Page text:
History of Orai City

HISTORY

Orai has been named after a saint (Rishi) Uddalak because he worshipped there and has historical value because of its location, which is between Jhansi, Mahoba and Kalpi. Orai was also known as the City of King 'Mahil' who was infamous for his bad habits and back-biting he betrayed his nephews Aalah and Udal.

There is a small story or belief behind this place. It is said that the King was fond of getting married. First time he got married in his childhood and after getting bored of his first wife, he married again. Like this he did four hundred one marriages. Later on he decided to abandon his childish attitude and adopted shistacharya. After doing this he made one ashram for his wives where they all can enjoy their lives as per their wishes. Aalah of the Banaphar Rajput clan was the famous general of the great Chandel king Parmal, who fought Prithviraj Chauhan in 1182 CE. Alha is one of the heroes of the Alha-Khand poem, popularly recited in the Bundelkhand region of India, a work that is also known as Parmal Raso.

The town of Kalpi on the Yamuna was conquered by the armies of Muhammad of Ghor in 1196. Early in the 14th century the Bundelas occupied the greater part of Jalaun, and even succeeded in holding the fortified post of Kalpi. That important possession was soon recovered by the Delhi Sultanate, and passed under the way of the Mughal Empire. Akbar's governors at Kalpi maintained a nominal authority over the surrounding district, and the Bundela chiefs were in a state of chronic revolt, which culminated in the war of independence under Maharaja Chhatrasal. On the outbreak of his rebellion in 1671 he occupied a large province to the south of the Yamuna. Setting out from this base, and assisted by the Marathas, he conquered the whole of Bundelkhand. On his death in 1732 he bequeathed one-third of his dominions to his Maratha allies, who before long succeeded in annexing the whole of Bundelkhand. Under Maratha rule the country was a prey to constant anarchy and strife. In 1806 Kalpi was made over to the British, and in 1840, on the death of Nana Gobind Ras, his possessions lapsed to them also. Various interchanges of territory took place, and in 1856 the boundaries of the British district were substantially settled, with an area of 1477 square miles.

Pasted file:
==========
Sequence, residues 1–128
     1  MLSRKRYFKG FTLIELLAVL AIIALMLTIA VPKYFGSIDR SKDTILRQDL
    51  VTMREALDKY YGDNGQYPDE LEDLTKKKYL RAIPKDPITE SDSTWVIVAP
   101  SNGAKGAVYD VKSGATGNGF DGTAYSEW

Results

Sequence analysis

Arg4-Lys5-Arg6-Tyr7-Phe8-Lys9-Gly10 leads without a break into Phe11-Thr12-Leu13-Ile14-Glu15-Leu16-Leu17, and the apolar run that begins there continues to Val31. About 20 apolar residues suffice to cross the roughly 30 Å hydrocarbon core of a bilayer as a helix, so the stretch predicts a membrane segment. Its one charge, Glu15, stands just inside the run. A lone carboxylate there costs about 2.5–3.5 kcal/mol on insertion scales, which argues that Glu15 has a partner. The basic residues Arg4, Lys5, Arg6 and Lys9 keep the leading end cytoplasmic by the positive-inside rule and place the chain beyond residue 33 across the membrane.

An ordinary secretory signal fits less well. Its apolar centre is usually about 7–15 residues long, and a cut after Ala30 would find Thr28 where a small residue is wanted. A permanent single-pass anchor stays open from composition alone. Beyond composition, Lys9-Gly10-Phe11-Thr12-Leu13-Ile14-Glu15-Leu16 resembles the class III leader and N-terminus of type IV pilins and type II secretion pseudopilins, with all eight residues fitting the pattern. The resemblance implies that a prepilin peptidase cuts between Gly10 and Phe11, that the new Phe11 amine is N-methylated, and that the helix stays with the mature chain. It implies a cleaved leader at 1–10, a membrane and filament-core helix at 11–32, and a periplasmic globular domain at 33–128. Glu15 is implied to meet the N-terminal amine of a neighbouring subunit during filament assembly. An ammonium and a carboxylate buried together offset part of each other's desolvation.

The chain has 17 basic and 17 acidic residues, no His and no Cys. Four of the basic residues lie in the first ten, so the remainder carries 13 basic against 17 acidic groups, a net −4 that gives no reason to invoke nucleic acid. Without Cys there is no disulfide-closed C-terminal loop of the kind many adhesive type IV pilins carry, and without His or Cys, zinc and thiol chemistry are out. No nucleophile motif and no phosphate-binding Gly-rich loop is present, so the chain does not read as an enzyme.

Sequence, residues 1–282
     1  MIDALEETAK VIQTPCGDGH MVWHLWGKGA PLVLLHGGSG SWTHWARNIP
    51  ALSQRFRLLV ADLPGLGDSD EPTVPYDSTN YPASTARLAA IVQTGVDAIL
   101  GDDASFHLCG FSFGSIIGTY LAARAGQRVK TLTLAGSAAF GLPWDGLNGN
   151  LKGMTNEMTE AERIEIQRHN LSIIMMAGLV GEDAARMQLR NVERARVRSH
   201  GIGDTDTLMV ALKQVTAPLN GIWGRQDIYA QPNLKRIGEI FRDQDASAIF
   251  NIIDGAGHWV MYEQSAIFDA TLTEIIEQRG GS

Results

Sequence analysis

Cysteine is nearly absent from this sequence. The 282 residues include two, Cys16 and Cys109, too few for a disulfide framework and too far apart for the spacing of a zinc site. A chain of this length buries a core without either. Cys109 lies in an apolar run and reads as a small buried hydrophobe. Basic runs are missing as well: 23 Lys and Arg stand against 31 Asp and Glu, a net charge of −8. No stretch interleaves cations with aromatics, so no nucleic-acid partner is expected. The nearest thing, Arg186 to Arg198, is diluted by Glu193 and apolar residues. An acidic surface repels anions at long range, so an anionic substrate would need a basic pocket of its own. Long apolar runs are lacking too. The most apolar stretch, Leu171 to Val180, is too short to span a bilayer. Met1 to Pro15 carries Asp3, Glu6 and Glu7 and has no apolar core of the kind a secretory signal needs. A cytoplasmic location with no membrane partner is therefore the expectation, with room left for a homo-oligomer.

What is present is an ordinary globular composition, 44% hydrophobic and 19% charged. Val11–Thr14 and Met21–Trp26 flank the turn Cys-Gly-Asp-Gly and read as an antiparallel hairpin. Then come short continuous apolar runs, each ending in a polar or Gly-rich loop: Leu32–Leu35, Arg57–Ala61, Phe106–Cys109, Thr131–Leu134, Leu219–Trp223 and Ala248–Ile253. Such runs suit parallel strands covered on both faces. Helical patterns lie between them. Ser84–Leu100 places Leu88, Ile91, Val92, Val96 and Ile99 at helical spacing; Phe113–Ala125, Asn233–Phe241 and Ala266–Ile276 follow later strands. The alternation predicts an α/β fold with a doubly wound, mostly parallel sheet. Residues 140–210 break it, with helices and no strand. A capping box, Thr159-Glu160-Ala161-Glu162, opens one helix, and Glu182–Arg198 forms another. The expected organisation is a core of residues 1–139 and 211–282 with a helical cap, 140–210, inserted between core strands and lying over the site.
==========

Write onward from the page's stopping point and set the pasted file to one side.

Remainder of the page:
Orai, Jalaun was the scene of much violence during the Revolt of 1857. When the news of the rising at Kanpur reached Kalpi, the men of the 53rd Native Infantry deserted their officers, and in June the Jhansi rebels reached the district, and began their murder of Europeans. It was not until September 1858 that the rebels were finally defeated. In the later 19th century, the district suffered much from the invasive kans grass (Saccharum spontaneum), owing to the spread of which many villages were abandoned and their land thrown out of cultivation. The population of the district was 399,726 in 1901, and the two largest towns are Konch and Kalpi (pop. 10,139 in 1901). The district was traversed by the line of the Indian Midland railway from Jhansi to Kanpur. A small part of it is watered by the Bethwa Canal. Grain, oil-seeds, cotton and ghee were exported.